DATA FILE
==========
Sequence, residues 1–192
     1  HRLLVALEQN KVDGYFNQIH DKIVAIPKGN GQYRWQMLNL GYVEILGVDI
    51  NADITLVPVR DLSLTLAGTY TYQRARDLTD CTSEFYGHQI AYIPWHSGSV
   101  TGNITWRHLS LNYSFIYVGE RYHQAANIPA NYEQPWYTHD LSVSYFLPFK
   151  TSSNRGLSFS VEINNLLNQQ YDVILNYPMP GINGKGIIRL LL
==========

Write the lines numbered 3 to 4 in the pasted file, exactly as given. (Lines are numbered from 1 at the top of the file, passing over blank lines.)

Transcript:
    51  NADITLVPVR DLSLTLAGTY TYQRARDLTD CTSEFYGHQI AYIPWHSGSV
   101  TGNITWRHLS LNYSFIYVGE RYHQAANIPA NYEQPWYTHD LSVSYFLPFK